Wednesday, April 1, 2009

One Day at a Time

Maria wears a lot of hats and one of them is as a columist with Mahoning Parent magazine. She finds as she encourages special need families with her own experiences, many of those writings are God breathed and fit in here as well. This is the case with today's post!

I have been on this special parenting journey for six years now, and the most valuable thing I have learned recently is that we have to take this one day at a time. Some days, one hour at a time…can you relate?

My prayer this month is that you will become more aware of the precious present with your child—and not be consumed by the next appointment, treatment or therapy that you have scheduled or would like to try. Our kids are doing amazing things right before our eyes—and sometimes we don’t even realize it.

This took me a very long time to see. I enjoy my daughter—all of her—now more than I ever did. I enjoy both her strengths and her weaknesses, because they both are a part of who she is. For far too long, I focused on the limitations of her body, instead of seeing all of the amazing things she was capable of. And in the meantime, I missed out on so much valuable time with her that I can never get back.
In order to accomplish focusing on her capabilities, I had to first change the way I thought about the disability that is only a part of her. Honestly, this took time. Changing the way we think about the disability itself takes time.

If you are still in the process of accepting the disability—changing the way you think about it will naturally fall into place. With acceptance comes a certain amount of peace—peace in your mind, mostly. That’s how it played out for me. I was searching for some kind—any kind of peace so I could take care of my many other responsibilities in my life, and still know my daughter was going to be OK—no matter what the outcome of the next thing we were going to do for her was going to be. I knew this peace was the only thing that would enable me to take just one day at a time, and enjoy the beauty of the person that God made her to be. Webster’s definition of peace is, “freedom of the mind from annoyance, distraction or anxiety; serenity, tranquility.”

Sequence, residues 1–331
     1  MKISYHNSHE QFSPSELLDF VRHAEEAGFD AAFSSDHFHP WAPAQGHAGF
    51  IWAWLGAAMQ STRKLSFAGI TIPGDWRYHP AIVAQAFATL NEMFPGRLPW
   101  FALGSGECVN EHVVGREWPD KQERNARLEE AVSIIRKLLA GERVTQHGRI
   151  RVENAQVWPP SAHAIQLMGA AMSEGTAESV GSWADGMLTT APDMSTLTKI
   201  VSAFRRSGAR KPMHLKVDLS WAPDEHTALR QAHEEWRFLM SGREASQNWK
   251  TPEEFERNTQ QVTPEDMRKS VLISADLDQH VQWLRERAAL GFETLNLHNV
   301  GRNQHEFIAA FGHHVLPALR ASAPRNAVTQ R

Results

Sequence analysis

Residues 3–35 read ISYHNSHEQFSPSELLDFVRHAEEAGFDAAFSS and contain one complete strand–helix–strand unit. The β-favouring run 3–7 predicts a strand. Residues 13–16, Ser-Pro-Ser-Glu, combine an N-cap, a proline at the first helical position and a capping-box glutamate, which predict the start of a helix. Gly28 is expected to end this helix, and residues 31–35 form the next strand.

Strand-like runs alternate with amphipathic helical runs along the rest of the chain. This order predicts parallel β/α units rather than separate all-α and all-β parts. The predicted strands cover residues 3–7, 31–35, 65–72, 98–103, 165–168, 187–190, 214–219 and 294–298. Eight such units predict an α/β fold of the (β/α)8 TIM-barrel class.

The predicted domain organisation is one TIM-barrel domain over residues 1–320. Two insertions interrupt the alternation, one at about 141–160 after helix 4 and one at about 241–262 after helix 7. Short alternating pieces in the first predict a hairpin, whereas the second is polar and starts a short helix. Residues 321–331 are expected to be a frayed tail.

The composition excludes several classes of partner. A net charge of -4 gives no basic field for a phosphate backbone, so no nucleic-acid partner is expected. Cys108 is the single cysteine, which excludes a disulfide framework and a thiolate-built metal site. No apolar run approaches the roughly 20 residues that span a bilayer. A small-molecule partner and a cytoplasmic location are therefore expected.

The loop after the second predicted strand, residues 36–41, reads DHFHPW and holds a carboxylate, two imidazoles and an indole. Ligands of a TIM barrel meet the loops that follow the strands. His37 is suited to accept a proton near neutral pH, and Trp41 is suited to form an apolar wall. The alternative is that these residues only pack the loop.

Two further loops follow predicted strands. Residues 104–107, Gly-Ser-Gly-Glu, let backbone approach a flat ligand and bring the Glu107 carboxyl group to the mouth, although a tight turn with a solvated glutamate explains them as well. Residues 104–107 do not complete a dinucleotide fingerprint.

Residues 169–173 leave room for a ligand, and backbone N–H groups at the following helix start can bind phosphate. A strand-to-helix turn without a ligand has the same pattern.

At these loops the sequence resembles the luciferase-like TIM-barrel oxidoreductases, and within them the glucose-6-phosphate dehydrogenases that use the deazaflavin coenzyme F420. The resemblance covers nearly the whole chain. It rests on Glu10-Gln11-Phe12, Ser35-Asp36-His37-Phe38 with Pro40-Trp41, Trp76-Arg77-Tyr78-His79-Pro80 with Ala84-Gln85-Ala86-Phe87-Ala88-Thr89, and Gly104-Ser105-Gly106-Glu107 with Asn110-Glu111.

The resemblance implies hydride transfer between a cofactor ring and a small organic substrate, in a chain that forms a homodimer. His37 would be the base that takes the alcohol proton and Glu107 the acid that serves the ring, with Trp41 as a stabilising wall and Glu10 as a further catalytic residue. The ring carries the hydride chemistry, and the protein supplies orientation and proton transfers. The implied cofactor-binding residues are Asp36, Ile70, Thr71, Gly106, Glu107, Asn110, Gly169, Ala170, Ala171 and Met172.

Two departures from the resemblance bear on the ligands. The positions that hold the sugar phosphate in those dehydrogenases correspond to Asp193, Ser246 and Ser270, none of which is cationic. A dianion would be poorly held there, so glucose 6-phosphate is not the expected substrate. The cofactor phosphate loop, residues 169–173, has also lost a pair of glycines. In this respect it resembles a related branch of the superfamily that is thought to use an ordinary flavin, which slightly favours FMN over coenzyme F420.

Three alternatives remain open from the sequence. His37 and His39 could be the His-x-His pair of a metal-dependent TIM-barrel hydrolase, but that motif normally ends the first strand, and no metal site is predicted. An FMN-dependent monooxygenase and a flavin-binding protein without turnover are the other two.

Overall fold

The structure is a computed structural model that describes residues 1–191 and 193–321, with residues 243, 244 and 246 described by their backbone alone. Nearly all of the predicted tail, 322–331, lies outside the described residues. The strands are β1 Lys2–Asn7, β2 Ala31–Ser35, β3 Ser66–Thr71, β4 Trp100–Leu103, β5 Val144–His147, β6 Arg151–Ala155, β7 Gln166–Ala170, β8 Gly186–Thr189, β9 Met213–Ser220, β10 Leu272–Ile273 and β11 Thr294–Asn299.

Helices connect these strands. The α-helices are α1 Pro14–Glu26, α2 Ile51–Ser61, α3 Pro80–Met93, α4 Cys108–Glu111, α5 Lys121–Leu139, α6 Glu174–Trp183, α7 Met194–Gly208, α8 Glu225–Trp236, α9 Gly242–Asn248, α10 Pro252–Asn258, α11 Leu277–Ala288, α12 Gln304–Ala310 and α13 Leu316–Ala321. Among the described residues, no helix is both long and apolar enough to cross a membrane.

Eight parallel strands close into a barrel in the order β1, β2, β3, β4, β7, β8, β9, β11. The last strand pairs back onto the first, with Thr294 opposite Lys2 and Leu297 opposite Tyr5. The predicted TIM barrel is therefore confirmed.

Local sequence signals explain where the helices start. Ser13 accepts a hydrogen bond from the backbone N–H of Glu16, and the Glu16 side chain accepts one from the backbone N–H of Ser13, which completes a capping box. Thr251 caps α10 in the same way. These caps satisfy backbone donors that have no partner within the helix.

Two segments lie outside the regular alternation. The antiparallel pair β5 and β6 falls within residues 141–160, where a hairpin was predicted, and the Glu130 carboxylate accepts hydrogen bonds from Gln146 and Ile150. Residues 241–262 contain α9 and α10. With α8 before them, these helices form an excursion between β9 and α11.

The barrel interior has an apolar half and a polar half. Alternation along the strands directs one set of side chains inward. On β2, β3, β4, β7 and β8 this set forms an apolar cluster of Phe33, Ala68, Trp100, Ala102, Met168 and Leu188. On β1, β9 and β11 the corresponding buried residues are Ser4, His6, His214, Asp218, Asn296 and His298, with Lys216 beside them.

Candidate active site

Some people find this peace in research—books, articles that have proven to have solved something related to their child’s different abilities. Others find it in sharing their experiences with other families that understand. Still others find it in a non-stop race to find the latest therapy or tool that may get their child to accomplish their next goal.

All of these things are great, and I’ve been in and through them all…
But in the midst of each and every one, I didn’t feel content. Sure, my intentions were good, but I was driven by fear and worry for the future. The opposite of peace is worry. You can’t have them both at the same time. Our minds weren’t wired that way.

I finally found this peace through God and His word.

There, I found my feelings put into words—coupled with words of encouragement and hope for the future. Not just for my future as a mom—but hope for my daughter, and my entire family. My faith in God and the fact that He chose me to be Olivia’s mother is what gets me through each hour, each day—and all the future appointments to come. You see, I’ve given all of the decision-making to Him. He’s the light on my path of this journey, and since I came to know who He is, it’s amazing—I can see the road so much clearer! With Him leading my way, I am able to truly enjoy my daughter, instead of worrying about her future. This peace is so very special to me.

I encourage you to find your own peace, so you too can know you are not taking this journey alone. I’m not claiming I have this calm, tranquil peace each and every hour--but I do know that with God by my side, I have the strength to walk this journey one day at a time.

Maria and her family reside in NE Ohio. She and her husband are the parents of two. Their daughter is a person with hemipelegic cerebral palsy.Because of her experiences, Maria provides parent-to-parent support for families involved in her local early intervention program. Her gift for writing has come directly from the Lord since her daughter’s diagnosis. She writes a monthly column entitled, “Special Parents, Special Kids” for the Mahoning Valley Parent magazine in Ohio; and has expanded into Parent magazines in parts of Pennsylvania and West Virginia.
She is also a contributing author at's first published work is in Jan Ross and Jeanice McDade's Women of Passion's anthology, "Ordinary Women Serving an Extraordinary God". Both Kim and Maria have been selected to have their work tentatively included in Lori Wagner's upcoming book, Quilting Patches of Life, Volume 2.

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